Here we have probably the biggest merit of the book. Fort could read various languages, something I see less and less nowadays, especially in English-speaking countries. There is a wealth of information in other languages and Fort not only studied the English books of his time, but also German and French books and also not only about Freemasonry, but also about Northern mythology and history. In this way the English speakers of today, who can’t read German or French, can still take notice of important investigations.
Fort may derive many Masonic symbolism from the Teutons, he wasn’t exactly a ‘fan’. When referring the old faith he uses terms such as “superstitions”.
But, Fort’s book is recommended reading if you have an interest in this subject, especially when Dutch, Norwegian or German is not your language.
Let me fire a load of more quotes at you:
The junction of the Eastern and Western systems, which still exist in the internal operations of lodge work, unquestionably occurred in Northern Italy while under Gothic and Longobardic rule; and, as subsequent contact with European society moulded the two elements conjointly, a homogeneous result, as will be seen in Part II. of this book, was evolved by the substitution policy of the Christian church.
(p. 52 note 2)
These guilds, in their organized form, so far at least as was essential to their cohesion, introduced naturally such elements, eliminated from civil society of that age, as tended to direct their establishment to practical purposes. For instance, Freemasonry borrowed, as before suggested, the outlines of its constitution from the three amalgamated principles which were fundamental in the early Middle Ages : the autocratic, personal independence, and ecclesiastical. It was necessarily tinctured with the mythological superstitions, which still retained at this period a vigorous hold on the people of Northern Europe. As the guilds traced their origin back into the twilight of time, and were coeval with the first forms of Germanic society, consequently many fragments of heathen rites and observances passed with them into succeeding mediaeval fraternities. It may therefore be safely alleged that Teutonic mythology, from its earliest contact with the Eastern builders in the fifth century, and through the line of centuries following, has contributed very largely to Masonic symbolism. The guilds of constructors or Freemasons appropriated the several degrees which, as we have already seen, existed in the monasteries at a very early age, viz. : Apprentice, Fellow, and Master. As these fraternities were reorganized under church patronage, they imbibed at their inception a strong religious sentiment, — a characteristic which has come down with Masonic lodges from past ages.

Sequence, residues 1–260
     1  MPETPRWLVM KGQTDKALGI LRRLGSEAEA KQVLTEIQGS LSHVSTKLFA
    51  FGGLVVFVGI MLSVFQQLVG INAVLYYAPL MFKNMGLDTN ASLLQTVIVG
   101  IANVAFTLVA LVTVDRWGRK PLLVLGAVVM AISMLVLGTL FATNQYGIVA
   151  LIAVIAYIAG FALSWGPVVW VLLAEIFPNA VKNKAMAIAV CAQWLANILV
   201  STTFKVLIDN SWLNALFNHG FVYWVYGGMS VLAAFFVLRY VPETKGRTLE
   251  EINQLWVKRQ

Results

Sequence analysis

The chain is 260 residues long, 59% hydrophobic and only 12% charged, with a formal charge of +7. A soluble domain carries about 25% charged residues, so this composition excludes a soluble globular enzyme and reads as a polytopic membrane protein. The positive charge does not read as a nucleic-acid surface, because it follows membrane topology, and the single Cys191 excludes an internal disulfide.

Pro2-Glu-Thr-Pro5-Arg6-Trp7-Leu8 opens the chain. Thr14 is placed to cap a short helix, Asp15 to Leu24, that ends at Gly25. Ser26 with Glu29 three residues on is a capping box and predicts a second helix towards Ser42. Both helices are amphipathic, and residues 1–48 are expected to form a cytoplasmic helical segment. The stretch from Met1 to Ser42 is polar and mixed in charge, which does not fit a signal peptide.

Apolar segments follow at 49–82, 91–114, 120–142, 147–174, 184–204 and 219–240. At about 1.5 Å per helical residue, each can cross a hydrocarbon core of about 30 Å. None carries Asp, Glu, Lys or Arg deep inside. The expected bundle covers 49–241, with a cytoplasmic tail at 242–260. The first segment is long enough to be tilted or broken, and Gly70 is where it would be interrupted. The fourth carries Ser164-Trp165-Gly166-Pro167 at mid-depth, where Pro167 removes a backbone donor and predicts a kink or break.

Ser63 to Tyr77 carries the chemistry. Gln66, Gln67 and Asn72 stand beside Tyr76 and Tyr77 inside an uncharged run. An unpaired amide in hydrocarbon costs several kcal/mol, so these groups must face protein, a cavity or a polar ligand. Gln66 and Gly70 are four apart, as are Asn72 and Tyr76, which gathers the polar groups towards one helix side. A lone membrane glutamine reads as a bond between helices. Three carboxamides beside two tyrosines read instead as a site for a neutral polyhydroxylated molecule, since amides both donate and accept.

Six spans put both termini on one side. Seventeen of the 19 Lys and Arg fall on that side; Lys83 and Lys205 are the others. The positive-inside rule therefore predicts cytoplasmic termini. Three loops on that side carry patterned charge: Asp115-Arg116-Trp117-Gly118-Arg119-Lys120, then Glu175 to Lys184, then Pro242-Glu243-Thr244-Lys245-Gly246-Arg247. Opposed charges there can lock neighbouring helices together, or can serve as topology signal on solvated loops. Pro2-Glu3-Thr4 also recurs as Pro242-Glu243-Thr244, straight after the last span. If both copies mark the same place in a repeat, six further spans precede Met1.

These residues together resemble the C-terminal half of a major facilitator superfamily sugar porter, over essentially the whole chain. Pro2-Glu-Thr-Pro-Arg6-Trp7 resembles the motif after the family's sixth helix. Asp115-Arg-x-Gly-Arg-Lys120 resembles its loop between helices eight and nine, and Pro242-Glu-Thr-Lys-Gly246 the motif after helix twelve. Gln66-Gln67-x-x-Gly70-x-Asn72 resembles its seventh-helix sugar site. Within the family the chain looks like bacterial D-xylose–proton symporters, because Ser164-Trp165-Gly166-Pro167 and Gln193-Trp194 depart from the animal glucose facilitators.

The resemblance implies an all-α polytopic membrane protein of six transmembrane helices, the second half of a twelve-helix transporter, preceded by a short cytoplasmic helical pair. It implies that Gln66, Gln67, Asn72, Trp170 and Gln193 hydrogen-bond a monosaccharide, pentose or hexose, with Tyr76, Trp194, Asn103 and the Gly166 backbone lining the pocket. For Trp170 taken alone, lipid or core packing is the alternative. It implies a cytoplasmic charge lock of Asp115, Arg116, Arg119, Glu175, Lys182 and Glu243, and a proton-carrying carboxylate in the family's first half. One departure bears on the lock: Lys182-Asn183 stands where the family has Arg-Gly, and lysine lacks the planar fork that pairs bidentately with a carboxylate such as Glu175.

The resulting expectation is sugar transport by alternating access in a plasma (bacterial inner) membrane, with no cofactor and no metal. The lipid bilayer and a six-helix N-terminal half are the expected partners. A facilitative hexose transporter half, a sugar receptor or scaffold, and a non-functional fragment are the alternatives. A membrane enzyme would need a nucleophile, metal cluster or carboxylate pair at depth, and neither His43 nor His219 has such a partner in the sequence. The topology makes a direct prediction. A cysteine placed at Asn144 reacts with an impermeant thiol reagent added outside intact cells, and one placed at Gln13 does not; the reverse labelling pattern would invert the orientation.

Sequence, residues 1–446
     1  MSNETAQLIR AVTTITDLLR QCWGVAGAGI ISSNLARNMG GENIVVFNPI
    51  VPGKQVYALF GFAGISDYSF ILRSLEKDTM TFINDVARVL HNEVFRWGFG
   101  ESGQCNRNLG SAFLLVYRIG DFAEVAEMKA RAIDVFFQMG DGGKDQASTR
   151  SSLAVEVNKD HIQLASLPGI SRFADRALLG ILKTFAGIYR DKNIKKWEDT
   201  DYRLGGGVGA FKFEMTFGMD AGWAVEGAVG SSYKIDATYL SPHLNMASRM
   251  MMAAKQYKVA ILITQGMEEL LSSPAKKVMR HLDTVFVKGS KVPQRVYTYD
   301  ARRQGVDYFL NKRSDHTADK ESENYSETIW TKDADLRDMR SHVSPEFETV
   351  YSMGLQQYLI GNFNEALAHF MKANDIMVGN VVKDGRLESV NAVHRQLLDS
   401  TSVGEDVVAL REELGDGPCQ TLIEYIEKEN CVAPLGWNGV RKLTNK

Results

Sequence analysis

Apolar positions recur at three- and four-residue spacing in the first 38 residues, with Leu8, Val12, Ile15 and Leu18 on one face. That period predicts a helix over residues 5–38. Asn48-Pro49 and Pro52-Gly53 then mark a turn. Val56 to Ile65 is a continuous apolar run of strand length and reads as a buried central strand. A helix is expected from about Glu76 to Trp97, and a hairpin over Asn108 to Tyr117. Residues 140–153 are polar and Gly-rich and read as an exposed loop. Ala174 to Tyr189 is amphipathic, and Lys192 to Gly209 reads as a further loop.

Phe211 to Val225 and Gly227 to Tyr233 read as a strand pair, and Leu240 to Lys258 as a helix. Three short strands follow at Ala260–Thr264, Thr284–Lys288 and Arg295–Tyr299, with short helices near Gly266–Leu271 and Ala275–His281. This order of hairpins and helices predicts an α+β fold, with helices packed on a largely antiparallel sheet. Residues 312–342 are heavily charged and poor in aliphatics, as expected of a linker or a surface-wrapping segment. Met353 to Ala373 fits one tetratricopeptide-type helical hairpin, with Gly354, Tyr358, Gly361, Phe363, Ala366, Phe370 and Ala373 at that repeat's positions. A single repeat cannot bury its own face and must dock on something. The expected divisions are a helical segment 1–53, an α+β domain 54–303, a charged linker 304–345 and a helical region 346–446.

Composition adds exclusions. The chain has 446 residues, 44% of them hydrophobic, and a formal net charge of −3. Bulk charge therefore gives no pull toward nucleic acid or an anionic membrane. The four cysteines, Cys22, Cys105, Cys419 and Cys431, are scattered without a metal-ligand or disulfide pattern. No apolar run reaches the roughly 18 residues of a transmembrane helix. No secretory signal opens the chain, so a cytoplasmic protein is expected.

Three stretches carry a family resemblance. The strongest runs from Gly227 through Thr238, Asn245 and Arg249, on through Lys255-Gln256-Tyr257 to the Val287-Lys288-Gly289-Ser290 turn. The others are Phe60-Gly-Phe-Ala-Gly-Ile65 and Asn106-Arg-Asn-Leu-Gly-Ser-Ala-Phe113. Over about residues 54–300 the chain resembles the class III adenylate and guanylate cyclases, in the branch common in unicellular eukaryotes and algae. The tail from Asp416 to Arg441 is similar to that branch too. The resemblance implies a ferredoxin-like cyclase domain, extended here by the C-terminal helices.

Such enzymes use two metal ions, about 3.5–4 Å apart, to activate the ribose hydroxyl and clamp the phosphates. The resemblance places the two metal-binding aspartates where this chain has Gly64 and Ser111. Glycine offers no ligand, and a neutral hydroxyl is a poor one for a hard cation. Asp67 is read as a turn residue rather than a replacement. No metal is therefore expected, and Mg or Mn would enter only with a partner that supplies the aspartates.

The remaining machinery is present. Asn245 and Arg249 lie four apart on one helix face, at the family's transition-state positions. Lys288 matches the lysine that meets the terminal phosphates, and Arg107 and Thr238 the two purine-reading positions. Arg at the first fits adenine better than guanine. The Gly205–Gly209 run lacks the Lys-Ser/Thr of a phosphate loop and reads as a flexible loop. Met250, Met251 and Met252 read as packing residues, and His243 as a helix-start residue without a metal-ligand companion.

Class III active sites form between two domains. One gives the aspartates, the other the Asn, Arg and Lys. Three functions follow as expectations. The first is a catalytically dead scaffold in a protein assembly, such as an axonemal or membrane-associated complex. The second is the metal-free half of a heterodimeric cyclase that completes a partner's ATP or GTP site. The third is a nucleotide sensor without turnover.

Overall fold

During the successive epochs to which we have alluded, the English realm, as our traditions inform us, was destitute of the science of Masonry. This state of lamentable ignorance continued down to the age of Saint Alban. In his day the kings of England were still accustomed to practise the heathenish rites of their ancient religion
When the ordinances of the years 1459 and 1462 were committed to writing, this word had obtained the well-defined signification of warden, or one who guards, and in this sense it occurs in the Torgau book of Masonic law. A striking custom existed in opening a mediaeval court of justice, which has descended to and is still practised in lodges of Freemasons, and which, in numerous and essential particulars, resembles the old Gothic tribunals. I refer to the formal opening of the court with a colloquy. The first question which the justice propounded the associate judges and bailiffs, was whether the court was opened at the right time of day and in the proper place; or, as a manuscript of the year 1440 gives it, whether the year and day, place and time, were correct.
The time within which judicial proceedings were allowed, extended from the rising to the setting of the sun. In imitation of this, the mediaeval lodges began work at sunrise and closed at sunset.
An allusion to this custom is still preserved in the formal opening and closing of Masonic labors. Day and sunlight were regarded as essentially holy by the ancient Teutons.